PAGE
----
"Health facilities may have hundreds or even thousands of steam traps, and the maintenance can be challenging to keep up with," Hawes says. NRG uses infrared photography to determine which ones are failing and calculates the economic return on investment (ROI) for replacing them with appropriate mechanical, thermostatic or thermodynamic options.
One of the easiest ways for health facilities to reduce energy costs is to replace fluorescent, halogen and high-intensity discharge (HID) lighting with light-emitting diode (LED) technology wherever possible. Switching to LEDs can reduce lighting's share of a hospital's electricity consumption by more than 50 percent.
"You not only use less electricity with LEDs, but also you reduce maintenance costs because they last so much longer," Hawes says. Moreover, LED lights, which illuminate color more accurately than other types of lighting, aid in the diagnosis and monitoring of patients with liver conditions and other ailments affecting complexion.
To save energy, health facilities should also make sure that lights are turned off in unoccupied areas. ASHE's Sustainability Roadmap recommends installing motion sensors in spaces that are frequently unoccupied, such as restrooms, stairwells, service areas and mechanical plants.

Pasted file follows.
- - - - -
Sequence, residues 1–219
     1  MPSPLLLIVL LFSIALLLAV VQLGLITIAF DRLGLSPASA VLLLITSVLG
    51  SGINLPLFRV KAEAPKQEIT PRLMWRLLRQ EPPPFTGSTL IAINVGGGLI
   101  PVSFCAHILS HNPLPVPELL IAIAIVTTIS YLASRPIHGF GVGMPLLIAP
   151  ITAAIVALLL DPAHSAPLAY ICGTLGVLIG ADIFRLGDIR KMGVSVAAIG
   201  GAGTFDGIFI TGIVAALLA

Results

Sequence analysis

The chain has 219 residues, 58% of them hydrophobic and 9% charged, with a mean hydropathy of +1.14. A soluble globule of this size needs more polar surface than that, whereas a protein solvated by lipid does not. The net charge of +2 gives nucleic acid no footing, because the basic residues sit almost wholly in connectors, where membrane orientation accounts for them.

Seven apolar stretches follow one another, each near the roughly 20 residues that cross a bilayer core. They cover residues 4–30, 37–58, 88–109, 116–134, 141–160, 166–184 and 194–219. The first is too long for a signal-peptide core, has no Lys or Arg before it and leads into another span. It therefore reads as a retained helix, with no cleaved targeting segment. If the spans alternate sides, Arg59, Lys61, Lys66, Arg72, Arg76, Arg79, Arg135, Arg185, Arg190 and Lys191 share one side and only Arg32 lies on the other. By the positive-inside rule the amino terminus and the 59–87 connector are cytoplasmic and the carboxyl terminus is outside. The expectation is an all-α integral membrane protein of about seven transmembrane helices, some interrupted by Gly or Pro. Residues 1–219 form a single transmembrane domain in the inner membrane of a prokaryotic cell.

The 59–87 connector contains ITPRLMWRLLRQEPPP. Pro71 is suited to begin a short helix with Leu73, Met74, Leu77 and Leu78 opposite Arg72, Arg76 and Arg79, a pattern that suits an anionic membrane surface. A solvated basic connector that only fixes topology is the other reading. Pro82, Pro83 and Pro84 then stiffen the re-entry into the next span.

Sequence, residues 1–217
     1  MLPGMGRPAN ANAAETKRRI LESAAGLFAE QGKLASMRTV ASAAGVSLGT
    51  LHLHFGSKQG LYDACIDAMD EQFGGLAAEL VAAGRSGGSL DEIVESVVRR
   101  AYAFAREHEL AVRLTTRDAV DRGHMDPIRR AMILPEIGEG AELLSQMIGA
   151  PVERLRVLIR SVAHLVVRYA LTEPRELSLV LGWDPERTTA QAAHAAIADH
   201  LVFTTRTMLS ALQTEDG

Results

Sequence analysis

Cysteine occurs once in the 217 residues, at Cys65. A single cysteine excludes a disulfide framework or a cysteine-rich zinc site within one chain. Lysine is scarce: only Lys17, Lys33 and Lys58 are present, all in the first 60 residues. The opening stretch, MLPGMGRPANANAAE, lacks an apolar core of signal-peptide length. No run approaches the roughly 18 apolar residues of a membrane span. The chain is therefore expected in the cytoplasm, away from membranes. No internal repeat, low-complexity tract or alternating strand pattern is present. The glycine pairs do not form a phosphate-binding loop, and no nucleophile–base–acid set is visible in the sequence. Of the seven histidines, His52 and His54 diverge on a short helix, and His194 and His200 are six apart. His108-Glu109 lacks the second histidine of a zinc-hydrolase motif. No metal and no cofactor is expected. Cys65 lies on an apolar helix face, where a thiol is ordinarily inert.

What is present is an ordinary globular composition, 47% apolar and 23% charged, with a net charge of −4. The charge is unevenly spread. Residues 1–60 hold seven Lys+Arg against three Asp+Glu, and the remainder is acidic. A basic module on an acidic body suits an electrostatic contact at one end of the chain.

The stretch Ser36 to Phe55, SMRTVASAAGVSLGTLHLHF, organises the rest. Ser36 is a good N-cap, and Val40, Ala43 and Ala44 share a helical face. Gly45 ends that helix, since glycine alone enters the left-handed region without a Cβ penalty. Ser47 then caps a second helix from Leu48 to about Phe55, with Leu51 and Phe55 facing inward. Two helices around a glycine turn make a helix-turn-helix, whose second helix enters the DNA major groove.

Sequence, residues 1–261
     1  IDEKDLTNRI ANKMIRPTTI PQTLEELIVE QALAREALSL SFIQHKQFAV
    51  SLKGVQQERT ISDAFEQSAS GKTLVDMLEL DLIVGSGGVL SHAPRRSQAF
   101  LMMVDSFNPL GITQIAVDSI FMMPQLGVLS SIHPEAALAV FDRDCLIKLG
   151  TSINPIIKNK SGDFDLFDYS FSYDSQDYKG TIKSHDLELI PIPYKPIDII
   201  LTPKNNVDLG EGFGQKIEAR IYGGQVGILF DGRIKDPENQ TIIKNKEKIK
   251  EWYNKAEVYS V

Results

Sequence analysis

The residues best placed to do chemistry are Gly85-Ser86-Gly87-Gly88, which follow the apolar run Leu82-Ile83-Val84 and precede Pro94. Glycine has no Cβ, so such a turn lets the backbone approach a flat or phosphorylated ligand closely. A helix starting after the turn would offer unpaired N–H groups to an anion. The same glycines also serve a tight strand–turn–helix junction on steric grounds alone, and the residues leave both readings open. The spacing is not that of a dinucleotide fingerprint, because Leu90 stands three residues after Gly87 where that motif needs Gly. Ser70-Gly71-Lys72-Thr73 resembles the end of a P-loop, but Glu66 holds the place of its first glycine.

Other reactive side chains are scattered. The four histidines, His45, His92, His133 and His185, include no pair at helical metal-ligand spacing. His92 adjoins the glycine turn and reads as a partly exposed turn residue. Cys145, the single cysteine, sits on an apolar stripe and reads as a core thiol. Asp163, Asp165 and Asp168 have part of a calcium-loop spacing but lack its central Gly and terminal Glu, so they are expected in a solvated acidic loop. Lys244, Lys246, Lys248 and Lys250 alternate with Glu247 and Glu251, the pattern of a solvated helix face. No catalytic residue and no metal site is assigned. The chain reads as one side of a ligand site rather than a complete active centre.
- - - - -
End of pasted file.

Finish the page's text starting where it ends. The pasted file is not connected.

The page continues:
Daylight harvesting is a more expensive upgrade that can provide significant energy savings, Hawes points out. Daylight harvesting systems feature controls that dim interior lighting in response to the amount of sunlight entering a room.]
"For a major lighting project, it's common to see a two- to four-year ROI just from energy savings," Hawes says.
Cleveland Clinic, which has more than 75 facilities in northeast Ohio alone, prioritizes energy management and other aspects of environmental sustainability. Named an Energy Star Partner of the Year, the health system has also been participating in the DOE's Better Buildings Challenge, which urged organizations to reduce their energy use intensity by 20 percent between 2010 and 2020.
"We currently are 9.4 percent below our baseline, which was set at the end of 2010," says Jon Utech, LEED AP, MBA, MSOD, senior director of Cleveland Clinic's Office of Healthy Environment. "That represents about a $5 million change per year in our energy usage."